show episodes
 
This podcast is brought to you in partnership with the Canadian Bar Association. It will serve as your educational resource on trauma-informed lawyering. Through inspiring interviews and thoughtful commentary, Myrna will shine a light on a critical competency you did not get any instruction on in law school. Trauma-informed lawyering is a do-no-further-harm, relational approach to the practice of law which benefits you, your clients, your colleagues and the legal profession generally. Lawyer ...
 
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show series
 
Can old ideas help us get through this modern financial storm? We hear from some Canadians involved in a susu, a traditional African and Caribbean savings club, where friends save together and share the wealth. Ginelle Skerritt, a banker lady for eight susu groups in the Toronto area, says they're "a way of empowering our communities to move and to…
 
Unemployment figures may be improving, but some industries remain hard hit. We talk to Chris Brewer, a laid-off WestJet flight attendant in Vancouver who is making ends meet working for FedEx; Saly Davis, whose salon near Moncton, N.B., recently went through a second shutdown; and Jeremy Jestican, an out-of-work oil and gas industry scaffolder who …
 
"The vast percentage of the world's intact biodiversity is on lands that belong to First Nations. These are not just the metaphorical guardians of nature. These are the literal guardians." Wade Davis joins National Chief Perry Bellegarde to discuss the important role First Nations have to play in reversing the dramatic loss of biodiversity on our p…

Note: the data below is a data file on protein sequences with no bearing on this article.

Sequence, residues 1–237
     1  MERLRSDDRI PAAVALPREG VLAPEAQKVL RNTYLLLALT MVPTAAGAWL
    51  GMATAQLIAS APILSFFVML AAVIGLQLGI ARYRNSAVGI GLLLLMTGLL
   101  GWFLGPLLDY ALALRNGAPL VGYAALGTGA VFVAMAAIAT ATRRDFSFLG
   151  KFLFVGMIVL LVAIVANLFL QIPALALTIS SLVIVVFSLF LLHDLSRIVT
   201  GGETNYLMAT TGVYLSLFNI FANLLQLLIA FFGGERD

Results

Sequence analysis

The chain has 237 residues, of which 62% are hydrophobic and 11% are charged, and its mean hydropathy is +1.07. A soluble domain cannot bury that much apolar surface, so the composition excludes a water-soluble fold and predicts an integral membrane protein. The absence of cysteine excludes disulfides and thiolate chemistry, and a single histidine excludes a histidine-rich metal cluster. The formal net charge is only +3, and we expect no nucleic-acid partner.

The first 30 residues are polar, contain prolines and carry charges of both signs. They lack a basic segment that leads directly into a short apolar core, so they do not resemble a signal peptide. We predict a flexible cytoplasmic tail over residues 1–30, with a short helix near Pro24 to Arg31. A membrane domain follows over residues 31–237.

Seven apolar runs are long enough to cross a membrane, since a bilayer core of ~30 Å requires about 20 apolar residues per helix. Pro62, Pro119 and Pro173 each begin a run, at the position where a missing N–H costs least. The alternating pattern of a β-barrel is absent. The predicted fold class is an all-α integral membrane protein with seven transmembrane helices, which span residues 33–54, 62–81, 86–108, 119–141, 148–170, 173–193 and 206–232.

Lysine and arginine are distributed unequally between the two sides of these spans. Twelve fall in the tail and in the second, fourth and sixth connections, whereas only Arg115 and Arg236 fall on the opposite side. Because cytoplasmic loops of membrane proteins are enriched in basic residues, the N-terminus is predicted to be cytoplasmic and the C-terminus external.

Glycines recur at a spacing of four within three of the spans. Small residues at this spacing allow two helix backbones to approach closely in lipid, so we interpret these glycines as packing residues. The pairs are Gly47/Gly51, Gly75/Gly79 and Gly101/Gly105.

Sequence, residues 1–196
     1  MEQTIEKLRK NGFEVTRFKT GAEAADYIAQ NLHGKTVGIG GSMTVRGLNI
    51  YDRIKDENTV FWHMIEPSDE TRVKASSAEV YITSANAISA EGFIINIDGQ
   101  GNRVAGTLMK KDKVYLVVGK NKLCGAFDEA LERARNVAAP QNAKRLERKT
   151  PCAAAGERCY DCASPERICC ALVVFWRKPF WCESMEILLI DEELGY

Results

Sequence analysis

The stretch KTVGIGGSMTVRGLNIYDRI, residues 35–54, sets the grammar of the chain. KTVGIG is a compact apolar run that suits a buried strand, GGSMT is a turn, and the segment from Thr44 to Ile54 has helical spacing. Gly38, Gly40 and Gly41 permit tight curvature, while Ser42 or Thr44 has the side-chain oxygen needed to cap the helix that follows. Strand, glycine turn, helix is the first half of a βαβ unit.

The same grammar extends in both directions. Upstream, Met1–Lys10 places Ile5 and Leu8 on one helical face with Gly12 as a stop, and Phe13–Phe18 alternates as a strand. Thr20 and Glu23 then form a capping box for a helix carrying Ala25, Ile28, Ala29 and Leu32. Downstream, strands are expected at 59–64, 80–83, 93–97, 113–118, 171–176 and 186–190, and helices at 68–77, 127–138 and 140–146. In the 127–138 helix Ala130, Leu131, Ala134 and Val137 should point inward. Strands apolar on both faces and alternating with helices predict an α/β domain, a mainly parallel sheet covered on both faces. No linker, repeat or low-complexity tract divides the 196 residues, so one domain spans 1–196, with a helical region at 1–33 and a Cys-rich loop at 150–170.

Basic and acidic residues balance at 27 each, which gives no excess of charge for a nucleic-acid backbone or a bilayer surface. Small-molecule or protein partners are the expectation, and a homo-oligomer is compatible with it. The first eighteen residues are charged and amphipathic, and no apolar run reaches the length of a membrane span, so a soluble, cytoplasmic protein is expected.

Montana-based reporter Nate Hegyi rode his bike almost 1,300 kilometres along the Great Divide in the U.S. — from his home state through Idaho and Wyoming to Colorado — to take the pre-election pulse. He found people in small towns feeling alienated about their place in the country, and worried about the pandemic and political polarization.…
 
Canada's long-term care homes saw a large number of deaths from COVID-19's first wave. Are they prepared for a resurgence of the virus? We speak to residents in care homes about their concerns as winter looms, and speak to John Callaghan, co-lead counsel for Ontario's Long-Term Care COVID-19 Commission, about what needs to be done to save lives.…
 
The women at the forefront of the climate crisis have stories to tell — so Ayana Elizabeth Johnson and Katharine Wilkinson have collected them in a new book of essays, stories and poems: All We Can Save: Truth, Courage, and Solutions for the Climate Crisis. They discuss what's already been lost to climate change, and what can still be saved.…
 
After 25 years without clean running water, dozens of people from Neskantaga First Nation in Ontario have now been evacuated from the community due to possible contamination in their reservoir. We talk to Allan Moonias and Chief Chris Moonias about the conditions in their community, and Chris Skead, chief of the Wauzhushk Onigum Nation, where a boi…
 
A University of Ottawa professor's use of the N-word last month has ignited a firestorm. We hear from Black university students about what they say needs to change to help them feel supported on campus. Our guests are fourth-year University of Guelph student Laila El Mugammar; first-year Mount Saint Vincent University student Priscillia Olawunmi; a…
 
Racially motivated attacks on the Mi'kmaq lobster fishers in Nova Scotia have cost them over $1 million in lost catch and damaged equipment and boats. Despite only taking in about 1% of the lobster catch in Nova Scotia, and working within their treaty rights to fish in their territory outside the commercial season, rights that have been upheld by t…
 
We receive Eduardo Ustaran and Timothy Banks to discuss Privacy Law and its international developments. What was the European Union/United States Privacy Shield and what does this mean for Canada? What do non-privacy law specialists need to know about this and what’s the future for data transfers? Eduardo Ustaran is a partner with Hogan Lovells in …